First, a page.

details for each protocol, including number of cycles, incubation temperatures
and times, and ramp times, are provided in Table 6.
When using a thermal cycler for which a system was not optimized, there may
be a small loss in product yield or sensitivity, and the balance between loci may
change slightly in the multiplex systems. Meticulous care must be taken to
ensure successful amplification. A guide to amplification troubleshooting is
provided in Section 11.
Table 2. Protocol Options for the Model 480 Thermal Cycler.
GenePrint ® STR System
CTTv Multiplex
CTTv Multiplex with Amelogenin3
FFFL Multiplex
GammaSTR® III Multiplex
Amelogenin, CSF1PO, F13A01, TH01 or TPOX
D16S539, D7S820, D13S317 or D5S818
F13B or FESFPS
LPL or vWA
Recommended
Protocol1
Alternative
Protocol2
7
7
7
7
2
7
1
7
1
1
1
NA
1
NA
NA
1
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Table 3. Protocol Options for the GeneAmp® PCR System 9600 Thermal Cycler.
GenePrint ® STR System
Recommended
Protocols1
Alternative
Protocols2
8,9 or 104
8,9 or 104
8,9 or 104
3,4,11
3,4,11
3,4,11
12
104
NA
9
3,4
9 or 104
8,9
NA
NA
3,4
CTTv Multiplex
CTTv Multiplex with Amelogenin3
FFFL Multiplex (using AmpliTaq® DNA polymerase)
FFFL Multiplex (using AmpliTaq Gold® DNA
polymerase)
GammaSTR® III Multiplex
Amelogenin, CSF1PO, F13A01, F13B,
FESFPS, TH01 or TPOX
D16S539, D7S820, D13S317 or D5S818
LPL or vWA
Table 4. Protocol Options for the GeneAmp® PCR System 9700 Thermal Cycler.
Recommended
Protocol
GenePrint ® STR System
CTTv Multiplex
CTTv Multiplex with Amelogenin3
FFFL Multiplex
GammaSTR® III Multiplex
Amelogenin, CSF1PO, F13A01, F13B, FESFPS, TH01 or TPOX
D16S539, D7S820, D13S317 or D5S818
LPL or vWA
13
13
13
13
13
13
13
NA = Not applicable.
1Recommended protocols offer similar performance characteristics.
2Alternative protocols also work but may trade off performance characteristics, such as
greater speed or convenience, for less sensitivity.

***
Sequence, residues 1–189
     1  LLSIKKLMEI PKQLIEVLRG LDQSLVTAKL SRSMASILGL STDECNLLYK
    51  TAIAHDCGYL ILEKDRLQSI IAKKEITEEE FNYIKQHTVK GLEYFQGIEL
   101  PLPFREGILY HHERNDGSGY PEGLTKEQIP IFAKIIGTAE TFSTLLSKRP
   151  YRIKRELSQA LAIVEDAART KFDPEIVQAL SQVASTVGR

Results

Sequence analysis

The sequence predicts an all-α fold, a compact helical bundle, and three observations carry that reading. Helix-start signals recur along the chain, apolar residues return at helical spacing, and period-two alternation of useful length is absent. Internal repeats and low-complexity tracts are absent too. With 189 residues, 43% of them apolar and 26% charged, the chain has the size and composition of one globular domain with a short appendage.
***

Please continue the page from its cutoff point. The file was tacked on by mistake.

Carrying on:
3The amplification of 25ng or more of K562 DNA using the CTTv system with
Amelogenin may result in extra bands at 338, 254 and 161 bases.
4Special template requirements for use of protocol #10 with certain multiplex system
and detection instrument combinations are described in Table 5.
Table 5. Recommended Amounts of Template For Various Instruments
Using Protocol #10.
Fluorescent STR System
Hitachi FMBIO® and FMBIO® II Fluorescence
Imaging Systems
ABI PRISM® 377 DNA Sequencer and
ABI PRISM® 310 and 3100 Genetic Analyzers
CTTv
FFFL
GammaSTR®
5ng
2–5ng
1ng
1ng
1ng
1ng
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Table 6. Amplification Protocols.
Protocol
Number
Thermal
Initial
Cycler1 Incubation2
Programmed
Ramp Times
Cycling for First
10 Cycles
Programmed
Ramp Times
Cycling for Last Extension
20 Cycles
Step
Hold
Step
1
(Refer to
Note 1)
480
96°C for
2 minutes
None
94°C, 1 minute
60°C, 1 minute
70°C, 1.5 minutes
None
90°C, 1 minute
60°C, 1 minute
70°C, 1.5 minutes
None
4°C
2
(Refer to
Note 1)
480
96°C for
2 minutes
None
94°C, 1 minute
64°C, 1 minute
70°C, 1.5 minutes
None
90°C, 1 minute
64°C, 1 minute
70°C, 1.5 minutes
None
4°C
3
(Refer to
Note 2)
9600
96°C for
2 minutes
None
94°C, 1 minute
60°C, 1 minute
70°C, 1.5 minutes
None
90°C, 1 minute
60°C, 1 minute
70°C, 1.5 minutes
None
4°C
4
(Refer to
Note 3)
9600
96°C for
2 minutes
None
4°C
50 seconds to 94°C, 1 minute
34 seconds to 60°C, 1 minute
25 seconds to 70°C, 1.5 minutes
5
Protocol 5 is no longer recommended.
6
Protocol 6 is no longer recommended.
45 seconds to 90°C, 1 minute
30 seconds to 60°C, 1 minute
25 seconds to 70°C, 1.5 minutes
7
(Refer to
Note 1)
9600
96°C for
2 minutes
None
94°C, 1 minute
60°C, 1 minute
70°C, 1.5 minutes
None
90°C, 1 minute
60°C, 1 minute
60°C for
70°C, 1.5 minutes 30 minutes
4°C
8
(Refer to
Note 2)
9600
96°C for
2 minutes
None
94°C, 1minute
60°C, 1 minute
70°C, 1.5 minutes
None
90°C, 1 minute
60°C, 1 minute
60°C for
70°C, 1.5 minutes 30 minutes
4°C
9
(Refer to
Note 3)
9600
96°C for
2 minutes
50 seconds to 94°C, 30 seconds
34 seconds to 60°C, 1 minute
25 seconds to 70°C, 1.5 minutes
45 seconds to 90°C, 1 minute
30 seconds to 60°C, 1 minute
25 seconds to 70°C, 1.5 minutes
60°C for
30 minutes
4°C
10
(Refer to
Note 4)
9600
96°C for
1 minute
Default ramp to 94°C, 30 seconds
68 seconds to 60°C, 30 seconds
50 seconds to 70°C, 45 seconds
Default ramp to 90°C, 30 seconds
60 seconds to 60°C, 30 seconds
50 seconds to 70°C, 45 seconds
60°C for
30 minutes
4°C
11
(Refer to
Note 4)
9600
96°C for
2 minutes
50 seconds to 94°C, 1 minute
34 seconds to 60°C, 1 minute
25 seconds to 70°C, 1.5 minutes
45 seconds to 90°C, 1 minute
30 seconds to 60°C, 1 minute
25 seconds to 70°C, 1.5 minutes
60°C for
30 minutes
4°C
Protocol
Number
Initial
Thermal
Cycler1 Incubation2
Programmed
Ramp Times
Cycling for First
10 Cycles
Programmed
Ramp Times
Cycling for Last Extension
Step
22 Cycles3
12
(Refer to
Note 4)
9600
96°C for
2 minutes
50 seconds to 94°C, 1 minute
30 seconds to 64°C, 1 minute
15 seconds to 70°C, 1.5 minutes
45 seconds to 90°C, 1 minute
26 seconds to 64°C, 1 minute
15 seconds to 70°C, 1.5 minutes
13
(Refer to
Notes 4 and 5)
9700
96°C for
1 minute
ramp 100% to 94°C, 30 seconds
ramp 29% to 60°C, 30 seconds
ramp 23% to 70°C, 45 seconds
ramp 100% to 90°C, 30 seconds
ramp 29% to 60°C, 30 seconds
ramp 23% to 70°C, 45 seconds
Hold
Step
None
4°C
60°C for
30 minutes
4°C
1480